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August 8, 2022
Curbing water shortage Water supply

Relief as Olkiramatian residents benefit from water project

Tom Mboya Nanyeka, a 50-year-old family man in Pakase village at Shompole Kajiado county is a happy man.

His family can now access water for domestic use after years of struggle courtesy of a well built by the National Oil Corporation of Kenya (NOCK).

“I have experienced water scarcity since I was a little boy. It is always an exciting moment for us when forums to drill or bring in piped water closer to the villages are initiated,” Nanyeka said.

He said despite the water being salty, it has been helpful for domestic use and for watering livestock.

“The NOCK water project saved us from traveling several kilometers,” he said.

Nanyeka, however, noted that the bliss brought by ease of access to water lasted only for two years.

“A year ago, the borehole broke down due to a lack of proper maintenance,” he said.

As a result, residents at Pakase village have no water.

He said the residents are forced to share the borehole drilled at Olkirimatian which is still functioning.

“Residents are ripping from round-the-clock water supply, they have taken advantage and planted pawpaw tress a few meters from the water well,” Nanyeka said.

“The tank has served the community quite well in the last few years. When the tank had issues, I contacted the NOCK office and they were courteous enough to conduct the necessary repair and maintenance,” Jimmy Melita said.

Melita works with the Kajiado county government and is a former programmes officer at the National Oil Corporation of Kenya.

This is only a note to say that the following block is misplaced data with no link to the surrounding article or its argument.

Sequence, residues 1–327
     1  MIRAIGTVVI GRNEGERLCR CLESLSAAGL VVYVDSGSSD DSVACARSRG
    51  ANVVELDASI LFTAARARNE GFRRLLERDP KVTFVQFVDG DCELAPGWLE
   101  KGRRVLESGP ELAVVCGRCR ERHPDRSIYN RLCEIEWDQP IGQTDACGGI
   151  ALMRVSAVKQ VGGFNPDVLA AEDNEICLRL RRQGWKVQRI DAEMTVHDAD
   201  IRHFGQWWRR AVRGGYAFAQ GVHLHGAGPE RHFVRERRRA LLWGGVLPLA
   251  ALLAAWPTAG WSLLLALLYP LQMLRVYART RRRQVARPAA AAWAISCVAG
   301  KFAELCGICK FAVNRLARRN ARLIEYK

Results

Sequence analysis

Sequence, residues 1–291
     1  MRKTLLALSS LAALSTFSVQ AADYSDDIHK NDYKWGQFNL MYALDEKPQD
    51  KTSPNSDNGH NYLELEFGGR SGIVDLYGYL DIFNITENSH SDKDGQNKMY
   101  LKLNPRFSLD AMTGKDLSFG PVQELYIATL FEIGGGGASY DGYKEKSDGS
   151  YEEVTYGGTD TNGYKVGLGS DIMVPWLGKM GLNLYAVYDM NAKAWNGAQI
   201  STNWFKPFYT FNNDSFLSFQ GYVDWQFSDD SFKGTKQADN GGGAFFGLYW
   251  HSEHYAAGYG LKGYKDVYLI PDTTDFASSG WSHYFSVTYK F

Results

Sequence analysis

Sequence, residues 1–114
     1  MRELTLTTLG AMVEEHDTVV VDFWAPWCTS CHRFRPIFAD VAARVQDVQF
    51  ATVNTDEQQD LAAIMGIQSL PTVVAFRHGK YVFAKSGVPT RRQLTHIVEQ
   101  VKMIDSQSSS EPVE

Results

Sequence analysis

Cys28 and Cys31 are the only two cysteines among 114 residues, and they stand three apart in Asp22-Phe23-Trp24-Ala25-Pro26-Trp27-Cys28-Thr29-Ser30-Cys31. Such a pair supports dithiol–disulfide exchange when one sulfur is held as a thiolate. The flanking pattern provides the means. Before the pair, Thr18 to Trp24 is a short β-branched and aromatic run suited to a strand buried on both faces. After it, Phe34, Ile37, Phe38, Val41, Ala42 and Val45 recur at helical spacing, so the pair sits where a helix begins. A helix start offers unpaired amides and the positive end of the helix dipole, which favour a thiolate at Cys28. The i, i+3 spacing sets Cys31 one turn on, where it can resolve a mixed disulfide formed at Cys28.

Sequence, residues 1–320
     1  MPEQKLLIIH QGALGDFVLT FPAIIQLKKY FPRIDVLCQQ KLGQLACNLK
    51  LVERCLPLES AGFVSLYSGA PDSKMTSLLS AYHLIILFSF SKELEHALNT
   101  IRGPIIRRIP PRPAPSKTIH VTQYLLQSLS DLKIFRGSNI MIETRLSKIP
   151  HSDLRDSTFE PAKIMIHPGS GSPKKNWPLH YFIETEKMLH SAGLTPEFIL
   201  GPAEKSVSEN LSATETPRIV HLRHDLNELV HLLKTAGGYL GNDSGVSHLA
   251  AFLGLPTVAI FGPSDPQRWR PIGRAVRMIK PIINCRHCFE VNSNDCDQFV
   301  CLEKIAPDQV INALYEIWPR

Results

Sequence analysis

He said the OlKirmatian community was lucky to have the bore hole close by which saved them treks to Oloibosoto river, a reasonable walking distance away.

The adoption of a participatory range management system is trying to mitigate the effects of climate change and conflict in areas where long periods of drought have affected the quantity of water in Kajiado county.

During a community meeting, residents of the organised Kenya Oil and Gas Working Group (KOAWG) shared ideas about oil and gas exploration activities in the county.

Gertrude Kibare, an advocate, and extractive expert Muturi Kamau who also doubles up as a coordinator of the KOAWG, shared knowledge with the locals.

The locals were attentive and comprehended the complex but critical issues about the different stages of oil and gas exploration and how that would affect their environment, their lifestyle and the possible benefit they may have.

The residents, however, took issue with the exploration activities saying they were not consulted over the phased oil and gas exploration process.

“The secrecy is definitely creating mistrust between the government and communities,” Muturi said.

He explained to the community the complexities involved in oil and gas exploration.

Kibare on the other hand briefed them on the laws and regulations concerning the sector as well as their rights. She explained the laws and rights the residents hold in the economic venture.

The community questioned how they would receive their five per cent share and how the money will be shared once the gas and oil venture becomes economically profitable.

Critical fear of the county government interfering with the money before it gets to the actual residents troubled them enough to wish that the exploration fails to bear fruit or land small quantities that are not viable commercially.

Other than water scarcity, Kajiodo county has a poor road network.

The road connecting Magadi to Nkurmani to Shompole and Ol Olkiramatian is rough and filled with rocks leaving less to be desired.

In some incidents, we had to invent paths since the road was not visible, especially from the reserve heading to Shompole.

The effects of climate change worsen the situation and results in scarcity of these resources through drought/flood, which impacts climate change.

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